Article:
ALLOW FILTERING explained
While discussing with people at the London C* Summit, I realized that it was not always clear for them why Cassandra requires ALLOW FILTERING for some CQL queries and not for some others.
Why ALLOW FILTERING?
Let’s take for example the following table:
CREATE TABLE blogs (blogId int, time1 int, time2 int, author text, content text, PRIMARY KEY(blogId, time1, time2));
If you execute the following query:
SELECT * FROM blogs;
Cassandra will return you all the data that the table blogs contains. If you now want only the data at a specified time1, you will naturally add an equal condition on the column time1:
SELECT * FROM blogs WHERE time1 = 1418306451235;
In response, you will receive the following error message:
Bad Request: Cannot execute this query as it might involve data filtering and thus may have unpredictable performance. If you want to execute this query despite the performance unpredictability, use ALLOW FILTERING.
Cassandra knows that it might not be able to execute the query in an efficient way. It is therefore warning you: “Be careful. Executing this query as such might not be a good idea as it can use a lot of your computing resources”.
The only way Cassandra can execute this query is by retrieving all the rows from the table blogs and then by filtering out the ones which do not have the requested value for the time1 column.
If your table contains for example a 1 million rows and 95% of them have the requested value for the time1 column, the query will still be relatively efficient and you should use ALLOW FILTERING.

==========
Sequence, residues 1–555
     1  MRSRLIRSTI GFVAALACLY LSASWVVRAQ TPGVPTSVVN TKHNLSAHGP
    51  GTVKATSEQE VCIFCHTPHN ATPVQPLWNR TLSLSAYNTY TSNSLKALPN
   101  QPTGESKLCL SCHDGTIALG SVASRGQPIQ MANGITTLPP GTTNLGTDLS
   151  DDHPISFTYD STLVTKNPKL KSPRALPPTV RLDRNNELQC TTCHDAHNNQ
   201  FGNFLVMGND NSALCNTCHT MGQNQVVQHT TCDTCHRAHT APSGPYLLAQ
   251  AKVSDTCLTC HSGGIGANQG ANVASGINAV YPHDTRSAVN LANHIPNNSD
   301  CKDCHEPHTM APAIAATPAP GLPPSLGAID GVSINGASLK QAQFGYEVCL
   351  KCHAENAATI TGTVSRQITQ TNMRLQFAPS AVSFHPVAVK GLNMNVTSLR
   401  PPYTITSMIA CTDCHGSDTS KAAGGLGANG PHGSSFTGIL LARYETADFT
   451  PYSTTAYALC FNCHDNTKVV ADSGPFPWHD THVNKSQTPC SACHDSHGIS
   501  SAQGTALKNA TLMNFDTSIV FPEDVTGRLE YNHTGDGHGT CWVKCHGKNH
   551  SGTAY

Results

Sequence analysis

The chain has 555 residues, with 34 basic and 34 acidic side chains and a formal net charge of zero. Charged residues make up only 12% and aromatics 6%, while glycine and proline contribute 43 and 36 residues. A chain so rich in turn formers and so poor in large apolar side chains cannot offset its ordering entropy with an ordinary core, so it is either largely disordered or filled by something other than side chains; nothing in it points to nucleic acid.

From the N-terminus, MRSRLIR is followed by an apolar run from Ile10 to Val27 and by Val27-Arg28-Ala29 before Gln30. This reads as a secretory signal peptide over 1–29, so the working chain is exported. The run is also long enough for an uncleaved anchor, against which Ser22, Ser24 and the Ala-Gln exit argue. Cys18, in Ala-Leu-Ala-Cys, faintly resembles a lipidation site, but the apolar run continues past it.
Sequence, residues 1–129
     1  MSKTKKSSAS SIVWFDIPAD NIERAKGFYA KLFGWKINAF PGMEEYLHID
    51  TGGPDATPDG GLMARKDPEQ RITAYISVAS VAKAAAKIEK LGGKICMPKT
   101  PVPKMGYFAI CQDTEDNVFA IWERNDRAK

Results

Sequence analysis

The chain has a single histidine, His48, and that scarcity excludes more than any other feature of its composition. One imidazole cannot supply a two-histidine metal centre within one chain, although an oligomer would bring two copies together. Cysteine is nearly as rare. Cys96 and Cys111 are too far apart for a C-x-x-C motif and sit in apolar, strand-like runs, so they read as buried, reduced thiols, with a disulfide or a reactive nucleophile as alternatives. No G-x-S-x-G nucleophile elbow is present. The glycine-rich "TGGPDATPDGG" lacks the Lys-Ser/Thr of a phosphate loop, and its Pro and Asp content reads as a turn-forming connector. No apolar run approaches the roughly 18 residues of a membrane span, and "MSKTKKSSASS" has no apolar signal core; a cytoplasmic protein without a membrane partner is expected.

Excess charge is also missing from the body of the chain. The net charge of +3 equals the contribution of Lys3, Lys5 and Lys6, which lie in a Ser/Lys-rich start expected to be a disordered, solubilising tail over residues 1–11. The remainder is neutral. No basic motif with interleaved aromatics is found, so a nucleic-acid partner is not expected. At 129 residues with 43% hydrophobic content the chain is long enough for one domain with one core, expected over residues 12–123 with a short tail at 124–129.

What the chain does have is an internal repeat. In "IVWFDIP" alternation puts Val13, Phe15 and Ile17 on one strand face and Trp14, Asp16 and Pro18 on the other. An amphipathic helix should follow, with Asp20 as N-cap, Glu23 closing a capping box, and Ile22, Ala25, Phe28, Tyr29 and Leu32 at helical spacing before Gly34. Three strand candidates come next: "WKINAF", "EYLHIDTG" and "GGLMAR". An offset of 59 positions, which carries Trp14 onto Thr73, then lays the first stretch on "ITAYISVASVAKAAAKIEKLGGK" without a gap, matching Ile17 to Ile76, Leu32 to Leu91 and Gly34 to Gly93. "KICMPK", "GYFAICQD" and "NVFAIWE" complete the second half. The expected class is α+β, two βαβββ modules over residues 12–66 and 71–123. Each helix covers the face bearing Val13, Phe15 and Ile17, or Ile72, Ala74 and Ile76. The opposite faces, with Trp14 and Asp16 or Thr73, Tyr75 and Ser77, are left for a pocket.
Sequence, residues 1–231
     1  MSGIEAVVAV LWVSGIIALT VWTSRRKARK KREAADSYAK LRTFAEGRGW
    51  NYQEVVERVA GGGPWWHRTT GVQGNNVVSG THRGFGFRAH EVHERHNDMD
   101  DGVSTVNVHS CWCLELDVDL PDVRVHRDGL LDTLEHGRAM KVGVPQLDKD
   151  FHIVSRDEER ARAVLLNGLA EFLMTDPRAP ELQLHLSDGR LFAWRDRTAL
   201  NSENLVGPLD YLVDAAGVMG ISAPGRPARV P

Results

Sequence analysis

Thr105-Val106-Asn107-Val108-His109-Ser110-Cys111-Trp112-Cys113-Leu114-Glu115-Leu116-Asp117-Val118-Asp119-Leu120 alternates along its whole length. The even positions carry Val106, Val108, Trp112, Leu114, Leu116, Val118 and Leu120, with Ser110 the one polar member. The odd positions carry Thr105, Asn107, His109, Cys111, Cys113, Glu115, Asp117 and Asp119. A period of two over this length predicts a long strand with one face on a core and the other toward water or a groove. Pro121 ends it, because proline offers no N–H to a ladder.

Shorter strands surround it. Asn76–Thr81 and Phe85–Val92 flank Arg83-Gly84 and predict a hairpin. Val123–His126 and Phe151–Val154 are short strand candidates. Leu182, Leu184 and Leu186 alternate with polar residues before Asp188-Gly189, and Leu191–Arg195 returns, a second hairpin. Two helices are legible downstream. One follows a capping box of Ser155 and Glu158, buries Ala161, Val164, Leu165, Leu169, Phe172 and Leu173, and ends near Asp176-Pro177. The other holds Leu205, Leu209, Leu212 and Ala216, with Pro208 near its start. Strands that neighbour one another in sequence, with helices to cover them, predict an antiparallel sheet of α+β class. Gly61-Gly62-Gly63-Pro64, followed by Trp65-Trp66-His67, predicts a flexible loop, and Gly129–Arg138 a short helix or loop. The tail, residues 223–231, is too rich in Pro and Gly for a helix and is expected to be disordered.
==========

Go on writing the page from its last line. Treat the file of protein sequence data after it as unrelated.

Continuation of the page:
On the other hand, if your table contains 1 million rows and only 2 rows contain the requested value for the time1 column, your query is extremely inefficient. Cassandra will load 999, 998 rows for nothing. If the query is often used, it is probably better to add an index on the time1 column.
Unfortunately, Cassandra has no way to differentiate between the 2 cases above as they are depending on the data distribution of the table. Cassandra is therefore warning you and relying on you to make the good choice.
Secondary indices and ALLOW FILTERING
If we add an index on the author column and execute the following query:
SELECT * FROM blogs WHERE author = ‘Jonathan Ellis’;
Cassandra will return all the blogs that have been written by Jonathan and will not request ALLOW FILTERING. This is due to the fact that Cassandra can use the secondary index on the author column to find the matching rows and does not need to perform any filtering.
But if we execute the following one:
SELECT * FROM blogs WHERE author=’Jonathan Ellis’ and time2 = 1418306451235;
Cassandra will request ALLOW FILTERING as it will have to first find and load the rows containing Jonathan as author, and then to filter out the ones which do not have a time2 column equal to the specified value.
Adding an index on time2 might improve the query performance. Cassandra will then use the index with the highest selectivity to find the rows that need to be loaded. It will however not change anything regarding the need for ALLOW FILTERING, as it will still have to filter the loaded rows using the remaining predicate.
Note: in September 2020, DataStax announced the availability of a new secondary index implementation known as the Storage Attached Index (SAI). See our Cassandra Indexing page to learn more about SAI and try a hands-on exercise.
Making the right choice
When your query is rejected by Cassandra because it needs filtering, you should resist the urge to just add ALLOW FILTERING to it. You should think about your data, your model and what you are trying to do. You always have multiple options.
You can change your data model, add an index, use another table or use ALLOW FILTERING.
You have to make the right choice for your specific use case.